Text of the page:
Thursday, February 15, 2007

Out of chaos would become vacuums

Today Bush paid a visit to his ideological enablers at the American Enterprise Institute, which he kept calling by its initials. He said “I appreciate what the AEI stands for,” but he might have been thinking it was the Affiliated Engineers Inc. or Appalachian Education Initiative or Azimuth Error Indicator or Alleanza Evangelica Italiana.

Prepositions are really not his friend: “there is one principle of which every member of every party should be able to agree on”. If you’re wondering, that one principle is “We’ve got to fight the terrorists overseas, so we don’t have to face them here at home again.”

In this speech, Bush’s favorite adjective “interesting” was back with a vengeance: “One of the interesting things that I have found here in Washington is there is strong disagreement about what to do to succeed, but there is strong agreement that we should not fail.” Isn’t that interesting? “It’s an interesting enemy, isn’t it?” Aren’t they just? “Isn’t it interesting that NATO is now in Afghanistan?” Fascinating. There were also “interesting” stories and quotations and, not quite the same thing, I know, but he said that various things, usually military, were “in our interests” no fewer than 10 times.

Some things are more than interesting; they are, in fact, amazing. 9/11, for example, “was an amazing turning point in the history of our country, really, when you think about it.”

It’s very important for you all, as citizens, to understand the blindingly obvious: “It’s important for our fellow citizens to understand a mother in downtown Baghdad wants her child to be able to walk the streets peacefully, just like mothers here in America want their children to be able to go to a playground and play peacefully.”

“And the reason why I mention success is, it’s important for us to succeed.” At least he had a good reason for mentioning it.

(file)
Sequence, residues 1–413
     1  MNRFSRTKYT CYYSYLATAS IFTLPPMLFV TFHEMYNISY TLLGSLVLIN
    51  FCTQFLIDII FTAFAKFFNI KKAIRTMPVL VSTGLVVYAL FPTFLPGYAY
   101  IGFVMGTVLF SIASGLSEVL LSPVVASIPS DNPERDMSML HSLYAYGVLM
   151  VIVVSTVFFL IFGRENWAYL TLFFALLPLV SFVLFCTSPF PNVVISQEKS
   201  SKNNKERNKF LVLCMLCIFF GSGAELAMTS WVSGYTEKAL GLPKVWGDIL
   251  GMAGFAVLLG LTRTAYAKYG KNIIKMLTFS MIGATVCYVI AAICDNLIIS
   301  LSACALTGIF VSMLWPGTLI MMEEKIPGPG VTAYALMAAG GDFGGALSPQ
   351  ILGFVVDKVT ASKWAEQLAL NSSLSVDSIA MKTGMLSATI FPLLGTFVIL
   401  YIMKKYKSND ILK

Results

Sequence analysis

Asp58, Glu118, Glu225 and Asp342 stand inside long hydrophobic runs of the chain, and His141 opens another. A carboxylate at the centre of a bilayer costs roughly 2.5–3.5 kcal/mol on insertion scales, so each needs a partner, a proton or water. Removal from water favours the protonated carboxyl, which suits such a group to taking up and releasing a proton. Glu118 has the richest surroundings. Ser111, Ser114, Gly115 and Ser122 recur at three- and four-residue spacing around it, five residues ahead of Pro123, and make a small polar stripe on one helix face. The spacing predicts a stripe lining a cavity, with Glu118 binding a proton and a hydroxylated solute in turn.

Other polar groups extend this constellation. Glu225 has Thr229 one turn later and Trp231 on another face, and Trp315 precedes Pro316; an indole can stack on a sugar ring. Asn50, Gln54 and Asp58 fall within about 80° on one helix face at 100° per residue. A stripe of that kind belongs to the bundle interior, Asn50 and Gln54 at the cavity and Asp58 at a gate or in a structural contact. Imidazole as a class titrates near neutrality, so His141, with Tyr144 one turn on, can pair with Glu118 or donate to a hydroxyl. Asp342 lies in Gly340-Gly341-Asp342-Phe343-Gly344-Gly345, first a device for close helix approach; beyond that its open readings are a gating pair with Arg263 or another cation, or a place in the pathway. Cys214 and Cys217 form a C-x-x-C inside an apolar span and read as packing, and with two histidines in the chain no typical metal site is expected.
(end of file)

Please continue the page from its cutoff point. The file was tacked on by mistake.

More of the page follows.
His rhetoric flew to new heights of rhetoricity: “If we were to leave this young democracy before the job is done, there would be chaos, and out of chaos would become vacuums, and into those power vacuums would flow extremists who would be emboldened; extremists who want to find safe haven.”

Most of the speech was devoted to Afghanistan.

“Under the Taliban, free enterprise was stifled. Today, the Afghan economy has doubled in size since liberation.” Admittedly, that gain was entirely in the, ahem, agricultural sector. But of course he wants to put an end to that: “I have made my concerns to President Karzai pretty clear -- not pretty clear, very clear”. And there is nothing more terrifying that George Bush trying to make himself very clear.

For example, what does he really think about poppy production? “These poppy growers are trying to make a living. And the idea is to provide these farmers with credit, and seeds, and fertilizer, and assistance to bring their products to market.” Well, I’m sure they’ll appreciate it.

We’re helping Afghanistan in other ways as well: “it’s in our interest and the interest of NATO countries to provide training so they have more, more strong fighters.” Also, we’re helping restructure the country’s hilariously corrupt judicial system because “There’s nothing more discouraging when justice is not fair.” We’re sending them prosecutors, judges and lawyers to help, because when you see a country that’s really fucked up, your first thought is “I know! Let’s send lawyers!” He says this job “must be neat, really.” But it is a thankless task: “And I cannot thank our citizens for taking time out of their lives to go.”

What we really need to send are some cowboys: “Taliban and al Qaeda fighters do hide in remote regions of Pakistan -- this is wild country; this is wilder than the Wild West.” Like Deadwood, but without all the creative swearing.

And why is it important again? “And a victory for the forces of liberty in Afghanistan will be a resounding defeat in this ideological struggle.”

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